Software can and should be tested on many levels. At the lowest level, we have the unit test. This is where programmers write a small routine to test the routine they are actually writing. All these small routines together will form your application. But it’s useful for the programmers to write these small test routines so they can have fast feedback on whether or not they are implementing a feature correctly.
However, just verifying that all those small pieces work isn’t enough. It doesn’t ensure that they work correctly together. This is where integration tests come into play. In integration tests, two or more components are used together in a test and the result is verified.
But even if all these tests run perfectly fine, you could still have bugs or unmet requirements.
First of all, if you have a UI, unit and integration tests don’t cover the UI. Is the UI structured correctly? Is it a pleasant experience? Are all the necessary elements in place? Can the user achieve what they want to achieve? These types of questions can only be answered by an end to end test.
A second reason why end to end tests are necessary is that there are so many moving pieces in modern software: servers can cause applications to behave differently, configuration must be set up correctly, and external dependencies influence our application. Testing separate components will not cover all this.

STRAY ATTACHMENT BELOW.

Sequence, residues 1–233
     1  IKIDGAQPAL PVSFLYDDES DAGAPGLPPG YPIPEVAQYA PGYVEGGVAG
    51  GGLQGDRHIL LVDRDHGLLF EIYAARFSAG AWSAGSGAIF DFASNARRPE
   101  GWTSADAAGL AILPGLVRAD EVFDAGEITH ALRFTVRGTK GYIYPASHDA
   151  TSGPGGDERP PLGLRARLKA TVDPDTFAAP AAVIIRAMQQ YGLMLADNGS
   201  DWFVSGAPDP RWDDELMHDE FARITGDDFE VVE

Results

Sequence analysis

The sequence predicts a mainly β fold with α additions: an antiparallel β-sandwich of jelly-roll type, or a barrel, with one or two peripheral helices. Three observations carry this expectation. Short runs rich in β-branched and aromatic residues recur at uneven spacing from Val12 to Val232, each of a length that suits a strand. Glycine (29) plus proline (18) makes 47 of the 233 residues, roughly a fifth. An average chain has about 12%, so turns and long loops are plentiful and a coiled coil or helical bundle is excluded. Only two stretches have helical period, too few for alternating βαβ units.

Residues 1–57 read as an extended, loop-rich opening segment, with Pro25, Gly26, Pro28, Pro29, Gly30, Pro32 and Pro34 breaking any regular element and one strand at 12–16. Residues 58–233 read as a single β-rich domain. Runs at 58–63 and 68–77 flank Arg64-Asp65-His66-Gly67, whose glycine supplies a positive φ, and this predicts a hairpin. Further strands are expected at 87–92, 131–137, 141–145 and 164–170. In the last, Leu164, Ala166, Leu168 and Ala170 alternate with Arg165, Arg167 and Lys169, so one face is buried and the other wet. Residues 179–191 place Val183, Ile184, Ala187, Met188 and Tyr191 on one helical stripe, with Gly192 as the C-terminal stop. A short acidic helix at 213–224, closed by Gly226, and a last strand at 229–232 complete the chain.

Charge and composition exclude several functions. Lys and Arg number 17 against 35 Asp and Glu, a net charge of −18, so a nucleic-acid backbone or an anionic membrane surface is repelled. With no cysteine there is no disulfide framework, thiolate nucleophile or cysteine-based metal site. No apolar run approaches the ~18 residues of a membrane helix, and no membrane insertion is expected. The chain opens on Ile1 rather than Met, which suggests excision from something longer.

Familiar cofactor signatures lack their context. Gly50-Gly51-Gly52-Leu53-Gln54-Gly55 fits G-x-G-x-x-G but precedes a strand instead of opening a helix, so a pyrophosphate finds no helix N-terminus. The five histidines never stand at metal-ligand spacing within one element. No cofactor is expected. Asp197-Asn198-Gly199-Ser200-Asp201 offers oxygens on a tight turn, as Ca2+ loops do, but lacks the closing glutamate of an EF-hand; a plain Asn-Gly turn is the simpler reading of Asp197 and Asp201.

Does this mean unit and integration tests don’t have value? Definitely not. Unit, integration, and end to end tests all play an important role in an overall testing strategy.
The Overall Testing Strategy
Testing software is an activity that happens on multiple levels, by multiple people in different roles. Developers test their code with unit and integration tests, while testers work together with developers to define test scenarios that they’ll run manually or automatically.
End to end testing is the category of tests that’s drawn at the top of the testing pyramid. The testing pyramid gives us a guideline of how many types of tests we should have. Because they are easy to write and maintain, and fast to run, it’s valuable to have many unit tests. As we move up the pyramid, our tests start using more pieces of our application. These tests become slower to execute and harder to maintain.
That’s why there are usually fewer end to end tests than there are unit tests. But the end to end tests are still featured in the testing pyramid. In the section above, I’ve explained why they’re still valuable.
The different categories of tests each have their unique value in the overall strategy of testing your software. But many organizations still perform the end to end testing manually—even when there are tools that can automate end to end tests. With automated end to end tests, you can add and maintain more tests in less time.